Bring Your Own Device is a popular topic as of late, but is this mobile policy just a trend, or will it be the way of the future? Based on the opinion of some industry experts, this particular IT model, or some form of it, is here to stay. BYOD enables employees to use their personally owned devices for work. With the correct planning and a robust Mobile Device Management (MDM) solution, there are definitely benefits for businesses that officially adopt some type of BYOD policy.
At the same time, any BYOD model will come with some potential risks and every business owner, president, corporate CIO or CEO must be prepared to engage these risks through the development and implementation of IT policies and mobile management solutions.
To BYOD or not BYOD? A popular trend as of recent, BYOD stands for Bring-Your-Own-Device. The trend was noted around 2009 as Intel realized a lot of people brought their own devices to work. The idea was that because people already had them, they might as well be incorporated into the main network. Naturally, of course, this leads to some issues and complications.
There are several arguments as to why people feel a BYOD approach is beneficial to certain businesses– and with the right planning and implementation, it can be the right policy for your business.
With all of the personal mobile devices on the market today, it makes perfect sense that Mobile Device Management strategies needed to be developed. These days, companies are providing their employees with personal devices; just as they may have included a company car with a particular position, or in other cases, companies are letting employees use their own personal devices for work. Regardless of the mobile device policy a business is going to implement, they must have a Mobile Device Management (MDM) solution to ensure security. Whether an employee is bringing a personal device to work or bringing a work phone home, vital information is being transferred at an unprecedented pace daily – potentially leaving businesses vulnerable.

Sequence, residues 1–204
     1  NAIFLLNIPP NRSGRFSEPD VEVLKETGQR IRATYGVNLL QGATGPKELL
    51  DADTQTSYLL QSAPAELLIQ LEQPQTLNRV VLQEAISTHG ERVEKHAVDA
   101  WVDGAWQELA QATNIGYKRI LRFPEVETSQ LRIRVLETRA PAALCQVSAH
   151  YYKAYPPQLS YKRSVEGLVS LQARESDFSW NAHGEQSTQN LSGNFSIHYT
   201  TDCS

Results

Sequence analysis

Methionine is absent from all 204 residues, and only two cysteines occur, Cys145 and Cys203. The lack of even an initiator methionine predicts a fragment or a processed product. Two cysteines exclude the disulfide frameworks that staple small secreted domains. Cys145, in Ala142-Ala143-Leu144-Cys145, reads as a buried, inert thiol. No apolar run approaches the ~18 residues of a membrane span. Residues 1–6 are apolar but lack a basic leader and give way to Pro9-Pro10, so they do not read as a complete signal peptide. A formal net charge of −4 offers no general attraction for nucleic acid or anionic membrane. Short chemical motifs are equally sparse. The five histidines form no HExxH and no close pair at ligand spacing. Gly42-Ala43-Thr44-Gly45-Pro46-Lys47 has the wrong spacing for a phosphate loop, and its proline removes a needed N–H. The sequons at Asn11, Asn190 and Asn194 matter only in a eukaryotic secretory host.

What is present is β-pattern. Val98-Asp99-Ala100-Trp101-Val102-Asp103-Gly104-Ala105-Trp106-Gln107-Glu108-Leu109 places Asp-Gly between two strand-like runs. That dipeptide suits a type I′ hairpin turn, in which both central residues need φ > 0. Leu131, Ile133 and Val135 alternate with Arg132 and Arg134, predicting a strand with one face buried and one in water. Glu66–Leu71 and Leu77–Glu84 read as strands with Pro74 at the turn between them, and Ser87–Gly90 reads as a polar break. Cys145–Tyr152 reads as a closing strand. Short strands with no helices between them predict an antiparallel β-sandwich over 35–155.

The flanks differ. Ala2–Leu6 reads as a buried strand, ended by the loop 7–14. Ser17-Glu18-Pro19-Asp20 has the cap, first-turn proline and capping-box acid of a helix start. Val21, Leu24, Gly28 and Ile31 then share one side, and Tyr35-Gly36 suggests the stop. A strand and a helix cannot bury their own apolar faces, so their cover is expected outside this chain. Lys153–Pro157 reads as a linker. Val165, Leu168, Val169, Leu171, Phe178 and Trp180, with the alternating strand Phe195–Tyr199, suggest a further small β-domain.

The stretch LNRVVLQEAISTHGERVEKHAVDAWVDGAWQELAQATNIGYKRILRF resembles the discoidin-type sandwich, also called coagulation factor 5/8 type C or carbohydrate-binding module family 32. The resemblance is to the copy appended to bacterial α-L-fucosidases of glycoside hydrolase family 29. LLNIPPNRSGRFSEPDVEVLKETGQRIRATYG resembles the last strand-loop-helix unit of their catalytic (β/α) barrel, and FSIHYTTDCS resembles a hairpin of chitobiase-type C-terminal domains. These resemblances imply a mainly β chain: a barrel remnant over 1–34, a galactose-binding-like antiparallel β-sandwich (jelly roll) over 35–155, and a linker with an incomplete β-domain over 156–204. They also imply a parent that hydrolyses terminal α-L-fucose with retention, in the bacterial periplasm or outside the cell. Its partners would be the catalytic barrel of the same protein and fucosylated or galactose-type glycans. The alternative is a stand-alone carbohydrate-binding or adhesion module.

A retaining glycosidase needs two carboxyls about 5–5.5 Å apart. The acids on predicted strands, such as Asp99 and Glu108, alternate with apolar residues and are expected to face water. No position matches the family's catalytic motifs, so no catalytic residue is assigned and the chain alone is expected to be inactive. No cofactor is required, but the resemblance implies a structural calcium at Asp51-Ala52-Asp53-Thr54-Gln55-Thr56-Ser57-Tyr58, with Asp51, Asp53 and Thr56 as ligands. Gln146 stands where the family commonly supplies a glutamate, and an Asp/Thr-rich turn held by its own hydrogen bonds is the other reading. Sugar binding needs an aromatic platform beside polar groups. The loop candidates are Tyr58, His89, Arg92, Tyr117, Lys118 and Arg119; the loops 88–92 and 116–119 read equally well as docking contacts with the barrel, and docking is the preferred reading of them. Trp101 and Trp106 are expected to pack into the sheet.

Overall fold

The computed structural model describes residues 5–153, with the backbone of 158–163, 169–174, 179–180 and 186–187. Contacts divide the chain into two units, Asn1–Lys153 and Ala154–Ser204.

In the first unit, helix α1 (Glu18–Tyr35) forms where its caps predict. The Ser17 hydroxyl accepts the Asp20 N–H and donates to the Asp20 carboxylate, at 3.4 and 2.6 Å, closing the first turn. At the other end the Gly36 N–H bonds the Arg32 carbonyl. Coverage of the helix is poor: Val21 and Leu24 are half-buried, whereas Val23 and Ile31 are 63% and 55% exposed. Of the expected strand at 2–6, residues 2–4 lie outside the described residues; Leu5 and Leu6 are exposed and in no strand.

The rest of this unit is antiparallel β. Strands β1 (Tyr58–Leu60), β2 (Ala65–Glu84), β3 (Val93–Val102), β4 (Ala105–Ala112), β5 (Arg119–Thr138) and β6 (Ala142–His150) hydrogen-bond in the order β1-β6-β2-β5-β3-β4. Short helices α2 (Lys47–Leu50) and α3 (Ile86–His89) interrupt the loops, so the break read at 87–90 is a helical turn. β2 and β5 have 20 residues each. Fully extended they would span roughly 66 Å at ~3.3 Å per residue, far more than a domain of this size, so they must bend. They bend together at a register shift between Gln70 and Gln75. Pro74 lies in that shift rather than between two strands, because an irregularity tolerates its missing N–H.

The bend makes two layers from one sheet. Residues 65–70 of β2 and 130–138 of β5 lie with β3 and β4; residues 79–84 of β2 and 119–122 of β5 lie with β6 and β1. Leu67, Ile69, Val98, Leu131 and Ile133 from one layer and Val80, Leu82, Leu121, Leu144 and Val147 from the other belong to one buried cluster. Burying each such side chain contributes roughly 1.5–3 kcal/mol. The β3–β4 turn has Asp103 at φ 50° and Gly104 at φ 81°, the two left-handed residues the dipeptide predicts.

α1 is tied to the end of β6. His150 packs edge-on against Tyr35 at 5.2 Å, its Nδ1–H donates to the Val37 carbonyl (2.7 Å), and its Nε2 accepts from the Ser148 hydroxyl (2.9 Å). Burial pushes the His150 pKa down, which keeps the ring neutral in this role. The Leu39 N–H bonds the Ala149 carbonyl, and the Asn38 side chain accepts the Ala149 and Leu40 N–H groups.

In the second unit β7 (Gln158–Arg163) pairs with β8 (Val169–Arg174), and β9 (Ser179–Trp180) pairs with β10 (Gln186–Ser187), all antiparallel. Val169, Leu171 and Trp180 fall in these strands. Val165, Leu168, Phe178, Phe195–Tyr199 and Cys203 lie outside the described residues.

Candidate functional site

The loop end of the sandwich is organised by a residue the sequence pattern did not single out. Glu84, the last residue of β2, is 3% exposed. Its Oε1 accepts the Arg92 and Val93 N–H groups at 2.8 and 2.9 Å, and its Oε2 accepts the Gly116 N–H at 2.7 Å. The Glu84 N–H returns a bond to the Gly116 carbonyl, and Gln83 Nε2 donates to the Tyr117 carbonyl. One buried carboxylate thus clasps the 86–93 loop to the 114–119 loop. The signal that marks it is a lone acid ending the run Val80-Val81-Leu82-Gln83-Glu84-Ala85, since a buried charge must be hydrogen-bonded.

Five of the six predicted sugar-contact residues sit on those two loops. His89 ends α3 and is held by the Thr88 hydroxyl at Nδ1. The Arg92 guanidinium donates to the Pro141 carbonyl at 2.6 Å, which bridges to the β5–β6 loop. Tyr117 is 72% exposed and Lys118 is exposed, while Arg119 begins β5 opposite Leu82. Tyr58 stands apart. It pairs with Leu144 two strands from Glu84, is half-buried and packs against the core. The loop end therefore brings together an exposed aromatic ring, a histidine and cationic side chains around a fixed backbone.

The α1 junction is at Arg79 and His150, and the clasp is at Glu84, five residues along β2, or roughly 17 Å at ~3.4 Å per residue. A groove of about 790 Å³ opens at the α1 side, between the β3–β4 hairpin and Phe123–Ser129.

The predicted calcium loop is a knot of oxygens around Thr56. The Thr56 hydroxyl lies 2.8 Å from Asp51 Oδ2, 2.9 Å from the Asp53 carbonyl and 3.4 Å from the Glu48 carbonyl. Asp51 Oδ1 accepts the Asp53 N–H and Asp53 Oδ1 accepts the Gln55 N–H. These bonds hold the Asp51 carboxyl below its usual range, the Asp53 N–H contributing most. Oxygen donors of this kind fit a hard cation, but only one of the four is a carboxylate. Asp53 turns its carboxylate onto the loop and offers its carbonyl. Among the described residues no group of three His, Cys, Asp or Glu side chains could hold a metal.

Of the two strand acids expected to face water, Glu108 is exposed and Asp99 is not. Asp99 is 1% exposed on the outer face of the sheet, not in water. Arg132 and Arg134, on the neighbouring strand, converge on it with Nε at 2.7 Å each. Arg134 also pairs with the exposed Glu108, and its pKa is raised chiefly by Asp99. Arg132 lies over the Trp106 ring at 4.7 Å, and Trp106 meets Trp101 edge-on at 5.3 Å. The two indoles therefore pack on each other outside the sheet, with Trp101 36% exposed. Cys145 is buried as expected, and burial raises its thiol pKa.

With all of the recent hype around Bring-Your-Own-Device (BYOD), businesses need to explore their other options and find what policy is the right fit for their organization.
So, what mobile policies are there?
Technology is changing the way the world does business at a pace never before seen in history. Computers are becoming more powerful and more mobile with each passing day, and our smartphones have become more powerful than desktop computers were 15 years ago. In conjunction with the proliferation of the internet, virtually limitless amounts of information are available from anywhere in the world at any time of day or night.
Part of this transition has been driven by the increasing affordability of mobile computing devices like smartphones and tablets. For a long time, large companies, out of concern for confidential and privileged information, banned the use of personal smartphones for employees while at work. In addition to issues related to personal calls and text message on company time, more significant concerns arose when employees wanted to use their personal devices for corporate email and to access internal servers and databases.
Fortunately, there is a growing trend which allows companies to improve morale while increasing employee efficiency. “Bring-your-own-device”, or BYOD, is an increasingly popular policy in which employees are encouraged to use their personal mobile devices for work.